We’ve become so overwhelmed with news these days there is enough content for us to write a Lunch Break for every day of the week. While sharing articles on our Slack “News” channel keeps us informed and connected, these Lunch Breaks help us strengthen our writing muscles (more on this below) and share our favorite stories of the week.
For today’s snack, we’ve got a major food media shakeup, writing exercises from famous authors, a new social media challenge for transparency and more.
Monday was a pivotal day for food media. Bon Appétit, the magazine and digital publication from Condé Nast, faced discrimination claims from current and former staffers and contributors after an old photo surfaced of the now former Editor in Chief Adam Rappaport wearing a racist Halloween costume. This comes right on the heels of the Alison Roman-Chrissy Teigen controversy a few weeks ago.
The photo launched an outcry from journalists and readers calling for Rappaport to resign, which he ultimately did Monday evening. While the photo was from the past, it did reveal current discriminatory practices in the Bon Appétit workplace, such as paying only white editors for their video appearances and failing to include diverse voices. No update yet on the new editor, who will hopefully bring more diversity to the Condé Nast masthead.
‘Pull Up Or Shut Up’ Social Media Challenge Goes Viral
A new social media challenge is calling out brands to do more than post platitudes and statements of solidarity with the black community. UOMA Beauty CEO Sharon Chuter started the ‘Pull Up or Shut Up’ challenge for consumers to ask their favorite brands to publicly share the percentage of their black employees, specifically in leadership roles. The movement aims to reveal full transparency, particularly in the beauty industry.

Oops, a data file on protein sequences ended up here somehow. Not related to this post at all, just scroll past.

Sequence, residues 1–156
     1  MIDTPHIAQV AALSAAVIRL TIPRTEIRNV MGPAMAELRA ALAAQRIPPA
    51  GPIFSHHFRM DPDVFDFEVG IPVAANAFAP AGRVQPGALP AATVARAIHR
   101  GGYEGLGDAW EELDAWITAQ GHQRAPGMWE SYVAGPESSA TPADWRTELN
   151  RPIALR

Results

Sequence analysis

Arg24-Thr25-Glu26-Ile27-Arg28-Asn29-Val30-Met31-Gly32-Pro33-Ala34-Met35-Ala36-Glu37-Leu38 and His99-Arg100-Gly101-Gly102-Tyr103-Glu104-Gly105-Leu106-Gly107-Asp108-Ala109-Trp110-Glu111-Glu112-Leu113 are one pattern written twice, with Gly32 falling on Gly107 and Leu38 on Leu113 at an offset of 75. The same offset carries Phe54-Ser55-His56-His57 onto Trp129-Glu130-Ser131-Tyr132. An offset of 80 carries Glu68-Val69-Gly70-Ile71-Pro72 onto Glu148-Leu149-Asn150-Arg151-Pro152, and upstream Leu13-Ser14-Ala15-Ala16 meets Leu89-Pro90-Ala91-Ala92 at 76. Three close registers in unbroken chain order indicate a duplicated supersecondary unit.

Buzzfeed put together a summary of the brands that have participated, including Ulta, Estee Lauder, Sephora, and Kylie Cosmetics. This challenge demonstrates the power of social media in holding brands accountable as a way to bring about much-needed change.
Exercises to Strengthen Your Writing Skills
Our biceps, abs and quads may be losing some tone during quarantine, but that doesn’t mean our writing muscles should do the same. These powerful literary exercises from famous authors are fun ways to sharpen your writing skills and enhance creativity. From C.S. Lewis’ advice to replace simple adjectives with vivid descriptions, to learning from Toni Morrison about stepping outside your comfort zone, try one of these exercises for your next ‘workout.’
AP Issues Coronavirus Topical Guide
With news coverage continuing to focus on the COVID-19 outbreak, The Associated Press prepared a style guide to help writers use the right words when talking about the virus. The AP covers how to refer to the coronavirus (which is acceptable even though it incorrectly implies there is only one coronavirus), how to reference any of the coronavirus relief bills (don’t call it the CARES Act), and other phrases you may be questioning when writing about the virus.